Beachgoers in New Jersey were surprised to see that the typically grayish waters along the shore suddenly turned aquamarine.

Photographs captured by NASA's Aqua satellite show that the ocean around South Jersey has taken on a greenish shade as a result of phytoplankton bloom. The microorganisms are visible in waters along the Long Beach Island coast to Cape May.

Compared to algae blooms, which are known to produce toxic chemicals, the phytoplankton found in the Jersey shore is not considered an annual occurrence and doesn't pose any threat to the local marine life.

Phytoplankton In Jersey Shore

Phytoplankton, also known as microalgae, are microscopic organisms that live in the upper layer of bodies of water often exposed to sunlight. Their placement allows them to collect energy from the sun and combine it with chlorophyll and other nutrients to feed themselves similar to terrestrial plants.

According to Prof. Elizabeth Lacey, a marine scientist from Stockton University, it is the chlorophyll in the phytoplankton's bodies that allows them to give off a greenish appearance in the water.

To produce such a phenomenon, the microorganisms typically have to use up all available nutrients found in polluted inland waters.

However, it was a recent upwelling that helped turn the ocean in New Jersey aquamarine. An upwelling occurs when gusts of wind blow away surface waters from the shoreline, allowing cooler and nutrient-filled waters from below to rise and replace them.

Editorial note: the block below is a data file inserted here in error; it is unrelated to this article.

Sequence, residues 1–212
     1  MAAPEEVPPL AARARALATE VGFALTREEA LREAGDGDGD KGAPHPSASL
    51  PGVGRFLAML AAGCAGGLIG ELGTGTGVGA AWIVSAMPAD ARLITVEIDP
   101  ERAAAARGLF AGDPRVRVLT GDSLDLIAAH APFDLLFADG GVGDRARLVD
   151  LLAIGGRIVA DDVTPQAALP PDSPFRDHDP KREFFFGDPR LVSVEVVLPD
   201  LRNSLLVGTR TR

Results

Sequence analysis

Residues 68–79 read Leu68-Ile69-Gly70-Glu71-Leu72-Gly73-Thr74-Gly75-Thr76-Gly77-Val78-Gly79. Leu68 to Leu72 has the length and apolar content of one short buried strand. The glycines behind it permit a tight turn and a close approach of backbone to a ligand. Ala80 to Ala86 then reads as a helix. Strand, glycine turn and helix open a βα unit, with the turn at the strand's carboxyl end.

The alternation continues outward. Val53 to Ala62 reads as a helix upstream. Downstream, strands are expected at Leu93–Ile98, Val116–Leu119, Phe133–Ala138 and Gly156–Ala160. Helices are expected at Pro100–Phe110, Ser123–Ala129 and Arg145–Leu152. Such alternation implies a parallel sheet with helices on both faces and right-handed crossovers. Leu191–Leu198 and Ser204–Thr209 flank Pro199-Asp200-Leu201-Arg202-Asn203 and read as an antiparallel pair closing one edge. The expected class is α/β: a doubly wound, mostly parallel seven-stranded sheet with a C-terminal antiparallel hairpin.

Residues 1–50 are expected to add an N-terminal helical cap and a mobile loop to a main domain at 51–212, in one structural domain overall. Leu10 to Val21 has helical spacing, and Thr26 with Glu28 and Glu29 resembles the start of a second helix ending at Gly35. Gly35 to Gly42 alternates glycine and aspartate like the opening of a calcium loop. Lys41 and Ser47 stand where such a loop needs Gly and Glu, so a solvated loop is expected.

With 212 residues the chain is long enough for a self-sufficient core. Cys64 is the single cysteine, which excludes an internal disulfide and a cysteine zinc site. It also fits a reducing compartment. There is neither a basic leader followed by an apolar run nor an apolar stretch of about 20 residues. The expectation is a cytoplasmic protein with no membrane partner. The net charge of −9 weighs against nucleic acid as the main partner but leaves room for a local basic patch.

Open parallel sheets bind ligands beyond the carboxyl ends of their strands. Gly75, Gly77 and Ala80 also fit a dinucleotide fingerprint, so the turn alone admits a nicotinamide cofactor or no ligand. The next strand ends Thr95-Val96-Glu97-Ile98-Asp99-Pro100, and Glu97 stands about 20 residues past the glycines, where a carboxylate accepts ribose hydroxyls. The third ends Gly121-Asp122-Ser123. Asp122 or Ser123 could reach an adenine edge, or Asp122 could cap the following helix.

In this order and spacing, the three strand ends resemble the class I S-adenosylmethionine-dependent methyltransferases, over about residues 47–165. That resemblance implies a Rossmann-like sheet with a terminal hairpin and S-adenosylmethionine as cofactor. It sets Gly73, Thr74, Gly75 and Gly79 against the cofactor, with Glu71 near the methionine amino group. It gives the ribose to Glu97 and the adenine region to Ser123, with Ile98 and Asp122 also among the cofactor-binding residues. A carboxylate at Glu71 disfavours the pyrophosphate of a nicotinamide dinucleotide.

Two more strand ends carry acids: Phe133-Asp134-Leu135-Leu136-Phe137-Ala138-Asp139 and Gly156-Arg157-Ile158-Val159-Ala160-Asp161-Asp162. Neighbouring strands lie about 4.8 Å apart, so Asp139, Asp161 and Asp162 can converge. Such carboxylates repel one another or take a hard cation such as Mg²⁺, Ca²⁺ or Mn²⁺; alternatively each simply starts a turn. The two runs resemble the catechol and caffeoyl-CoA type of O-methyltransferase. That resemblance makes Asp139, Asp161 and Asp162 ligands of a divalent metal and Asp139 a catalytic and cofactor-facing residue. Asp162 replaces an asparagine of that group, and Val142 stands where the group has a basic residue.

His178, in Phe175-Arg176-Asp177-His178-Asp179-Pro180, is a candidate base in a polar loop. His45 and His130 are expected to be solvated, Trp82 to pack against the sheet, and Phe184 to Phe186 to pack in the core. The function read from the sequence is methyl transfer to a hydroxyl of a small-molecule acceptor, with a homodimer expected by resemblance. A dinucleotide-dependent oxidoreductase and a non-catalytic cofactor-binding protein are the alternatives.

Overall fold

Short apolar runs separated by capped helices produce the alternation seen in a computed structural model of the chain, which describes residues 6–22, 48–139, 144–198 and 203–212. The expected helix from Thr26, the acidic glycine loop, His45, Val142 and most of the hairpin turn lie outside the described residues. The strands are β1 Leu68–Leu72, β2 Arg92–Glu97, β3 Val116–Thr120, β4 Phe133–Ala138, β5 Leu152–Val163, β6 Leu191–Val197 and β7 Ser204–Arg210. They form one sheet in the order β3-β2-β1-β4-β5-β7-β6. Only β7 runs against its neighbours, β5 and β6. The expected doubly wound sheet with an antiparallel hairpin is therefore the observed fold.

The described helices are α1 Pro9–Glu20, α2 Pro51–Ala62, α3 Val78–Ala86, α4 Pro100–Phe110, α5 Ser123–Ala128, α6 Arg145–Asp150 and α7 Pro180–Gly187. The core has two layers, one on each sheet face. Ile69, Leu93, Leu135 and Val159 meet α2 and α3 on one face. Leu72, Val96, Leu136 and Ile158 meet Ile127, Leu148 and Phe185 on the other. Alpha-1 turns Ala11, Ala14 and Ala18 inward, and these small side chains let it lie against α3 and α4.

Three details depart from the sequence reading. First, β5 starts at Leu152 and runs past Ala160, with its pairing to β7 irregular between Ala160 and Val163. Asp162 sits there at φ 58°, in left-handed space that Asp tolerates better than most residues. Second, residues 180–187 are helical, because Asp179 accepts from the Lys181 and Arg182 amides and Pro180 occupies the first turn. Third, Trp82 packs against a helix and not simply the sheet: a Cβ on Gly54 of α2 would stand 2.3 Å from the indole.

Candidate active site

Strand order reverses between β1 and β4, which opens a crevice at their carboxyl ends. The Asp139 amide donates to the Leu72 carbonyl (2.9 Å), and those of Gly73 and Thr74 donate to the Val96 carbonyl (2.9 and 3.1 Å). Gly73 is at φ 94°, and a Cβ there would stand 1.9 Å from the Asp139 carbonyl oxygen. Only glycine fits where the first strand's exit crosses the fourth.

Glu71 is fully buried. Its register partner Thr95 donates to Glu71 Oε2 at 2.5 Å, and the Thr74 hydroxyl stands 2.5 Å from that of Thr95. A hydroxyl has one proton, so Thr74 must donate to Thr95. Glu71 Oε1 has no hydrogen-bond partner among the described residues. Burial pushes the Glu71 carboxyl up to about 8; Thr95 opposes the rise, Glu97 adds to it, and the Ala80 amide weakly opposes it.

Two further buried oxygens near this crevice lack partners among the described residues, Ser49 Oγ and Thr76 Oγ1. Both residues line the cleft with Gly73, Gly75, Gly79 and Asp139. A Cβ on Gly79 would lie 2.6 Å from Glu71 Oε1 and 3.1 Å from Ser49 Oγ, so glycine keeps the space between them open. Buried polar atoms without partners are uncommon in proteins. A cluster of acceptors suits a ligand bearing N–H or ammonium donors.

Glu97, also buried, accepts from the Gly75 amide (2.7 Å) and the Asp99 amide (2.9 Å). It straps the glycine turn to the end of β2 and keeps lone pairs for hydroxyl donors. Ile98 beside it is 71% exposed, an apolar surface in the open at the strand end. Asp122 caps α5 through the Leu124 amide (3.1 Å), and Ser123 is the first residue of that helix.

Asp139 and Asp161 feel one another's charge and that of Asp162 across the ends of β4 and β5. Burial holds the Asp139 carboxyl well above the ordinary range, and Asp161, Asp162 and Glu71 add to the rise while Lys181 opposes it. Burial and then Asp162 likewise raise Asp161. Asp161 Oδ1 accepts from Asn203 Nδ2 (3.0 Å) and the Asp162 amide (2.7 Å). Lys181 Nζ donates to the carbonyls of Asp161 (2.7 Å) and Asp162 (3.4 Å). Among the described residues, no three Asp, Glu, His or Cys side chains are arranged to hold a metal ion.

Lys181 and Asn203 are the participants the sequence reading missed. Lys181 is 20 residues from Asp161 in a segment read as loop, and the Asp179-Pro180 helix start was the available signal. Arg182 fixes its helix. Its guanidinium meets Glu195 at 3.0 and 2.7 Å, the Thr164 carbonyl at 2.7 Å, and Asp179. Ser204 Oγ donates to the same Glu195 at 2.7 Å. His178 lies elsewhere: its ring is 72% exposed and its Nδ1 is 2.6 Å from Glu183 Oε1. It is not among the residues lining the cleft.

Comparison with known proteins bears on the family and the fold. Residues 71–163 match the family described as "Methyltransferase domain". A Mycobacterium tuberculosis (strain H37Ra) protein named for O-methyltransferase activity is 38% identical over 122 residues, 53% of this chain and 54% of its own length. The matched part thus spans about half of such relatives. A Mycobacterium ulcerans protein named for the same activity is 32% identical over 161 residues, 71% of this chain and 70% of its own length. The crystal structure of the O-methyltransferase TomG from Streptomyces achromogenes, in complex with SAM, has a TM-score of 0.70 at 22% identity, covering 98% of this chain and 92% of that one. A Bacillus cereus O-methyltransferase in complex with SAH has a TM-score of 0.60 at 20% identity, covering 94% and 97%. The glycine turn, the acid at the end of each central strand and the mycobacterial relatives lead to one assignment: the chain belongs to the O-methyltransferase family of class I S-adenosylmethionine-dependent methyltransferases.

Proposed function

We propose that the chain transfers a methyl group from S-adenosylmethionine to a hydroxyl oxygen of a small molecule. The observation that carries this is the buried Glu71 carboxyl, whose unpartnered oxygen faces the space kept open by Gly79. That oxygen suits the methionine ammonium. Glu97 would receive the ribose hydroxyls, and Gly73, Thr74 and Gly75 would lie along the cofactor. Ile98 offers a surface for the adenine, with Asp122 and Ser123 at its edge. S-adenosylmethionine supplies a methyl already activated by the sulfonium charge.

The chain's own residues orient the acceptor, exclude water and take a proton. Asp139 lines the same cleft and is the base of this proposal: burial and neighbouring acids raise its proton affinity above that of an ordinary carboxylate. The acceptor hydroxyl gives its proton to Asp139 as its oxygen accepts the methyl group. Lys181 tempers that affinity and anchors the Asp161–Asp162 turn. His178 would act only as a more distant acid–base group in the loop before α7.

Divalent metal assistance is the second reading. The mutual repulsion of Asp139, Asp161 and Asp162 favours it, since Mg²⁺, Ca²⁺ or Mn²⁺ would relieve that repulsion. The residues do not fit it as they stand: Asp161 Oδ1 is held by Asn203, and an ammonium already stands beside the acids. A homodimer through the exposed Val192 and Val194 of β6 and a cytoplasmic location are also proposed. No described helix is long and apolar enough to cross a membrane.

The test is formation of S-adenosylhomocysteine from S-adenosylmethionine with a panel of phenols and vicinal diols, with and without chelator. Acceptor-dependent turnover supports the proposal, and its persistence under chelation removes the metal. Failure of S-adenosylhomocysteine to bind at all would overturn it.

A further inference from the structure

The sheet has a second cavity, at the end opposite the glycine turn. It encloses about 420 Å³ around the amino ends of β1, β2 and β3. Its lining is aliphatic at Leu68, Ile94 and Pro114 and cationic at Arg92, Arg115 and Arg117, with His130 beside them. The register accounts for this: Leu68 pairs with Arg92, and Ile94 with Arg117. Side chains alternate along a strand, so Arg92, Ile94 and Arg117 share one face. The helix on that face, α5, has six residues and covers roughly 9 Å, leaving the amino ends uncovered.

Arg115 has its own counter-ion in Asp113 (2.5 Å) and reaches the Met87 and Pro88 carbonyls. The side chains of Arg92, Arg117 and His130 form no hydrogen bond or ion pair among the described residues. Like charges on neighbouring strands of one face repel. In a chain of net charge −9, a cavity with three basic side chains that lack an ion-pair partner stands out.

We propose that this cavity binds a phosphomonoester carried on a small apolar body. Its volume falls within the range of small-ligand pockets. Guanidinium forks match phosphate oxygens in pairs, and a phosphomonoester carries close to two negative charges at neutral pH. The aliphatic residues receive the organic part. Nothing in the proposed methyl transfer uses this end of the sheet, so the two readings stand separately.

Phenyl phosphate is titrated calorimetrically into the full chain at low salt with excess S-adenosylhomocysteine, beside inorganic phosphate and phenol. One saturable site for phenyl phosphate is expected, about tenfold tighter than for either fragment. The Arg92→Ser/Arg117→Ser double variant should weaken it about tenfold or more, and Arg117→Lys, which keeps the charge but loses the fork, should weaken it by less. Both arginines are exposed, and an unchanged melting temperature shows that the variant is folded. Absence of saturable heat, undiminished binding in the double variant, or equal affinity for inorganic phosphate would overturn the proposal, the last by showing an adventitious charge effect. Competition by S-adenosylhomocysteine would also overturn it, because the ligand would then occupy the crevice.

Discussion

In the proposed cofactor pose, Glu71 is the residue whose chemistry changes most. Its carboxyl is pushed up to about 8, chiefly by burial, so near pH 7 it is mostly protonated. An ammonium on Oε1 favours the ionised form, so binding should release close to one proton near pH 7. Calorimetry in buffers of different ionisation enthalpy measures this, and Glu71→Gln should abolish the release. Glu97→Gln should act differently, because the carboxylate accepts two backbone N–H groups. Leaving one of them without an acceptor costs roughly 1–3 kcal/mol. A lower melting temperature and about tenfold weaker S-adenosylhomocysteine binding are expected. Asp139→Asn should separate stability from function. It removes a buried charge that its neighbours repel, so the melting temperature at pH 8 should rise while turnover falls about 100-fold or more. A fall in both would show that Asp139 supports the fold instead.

Marine scientist Oscar Schofield from Rutgers University said upwellings often occur during summertime, making it possible for phytoplankton to bloom at a larger scale.

He said that these upwelling events can occur several times every summer and cause massive phytoplankton blooms to discolor bodies of water.

Clearing Of Ocean Water

The presence of phytoplankton blooms can help explain why New Jersey's waters suddenly turned aquamarine, but it doesn't reveal why the shoreline became unusually clear as well. This may have something to do more with an environmental event that is happening a little bit more inland.

The Northeast has been suffering from abnormally dry conditions for the past few months. Scientists think that the significant reduction of freshwater runoffs making their way to the ocean is causing Jersey shore waters to become clearer than normal.

While waters around New Jersey may appear tropical at the moment, experts warn that it doesn't necessarily mean that they would feel like those found in the Caribbean.

The recent upwelling of the waters caused ocean temperatures to drop to about 60 degrees last week. Scientists noted that waters in New Jersey's bays and farther offshore also became warmer than normal.

Temperatures have since warmed in waters near the shore, reaching somewhere between 70 and 75 degrees.

So far, it is still uncertain how long the ocean around South Jersey will stay green. Experts believe a sudden shift in wind could move the phytoplankton population and cause the waters to change color again.

However, as long as conditions remain the same in the coming days, the microorganisms will continue to make the ocean look green.

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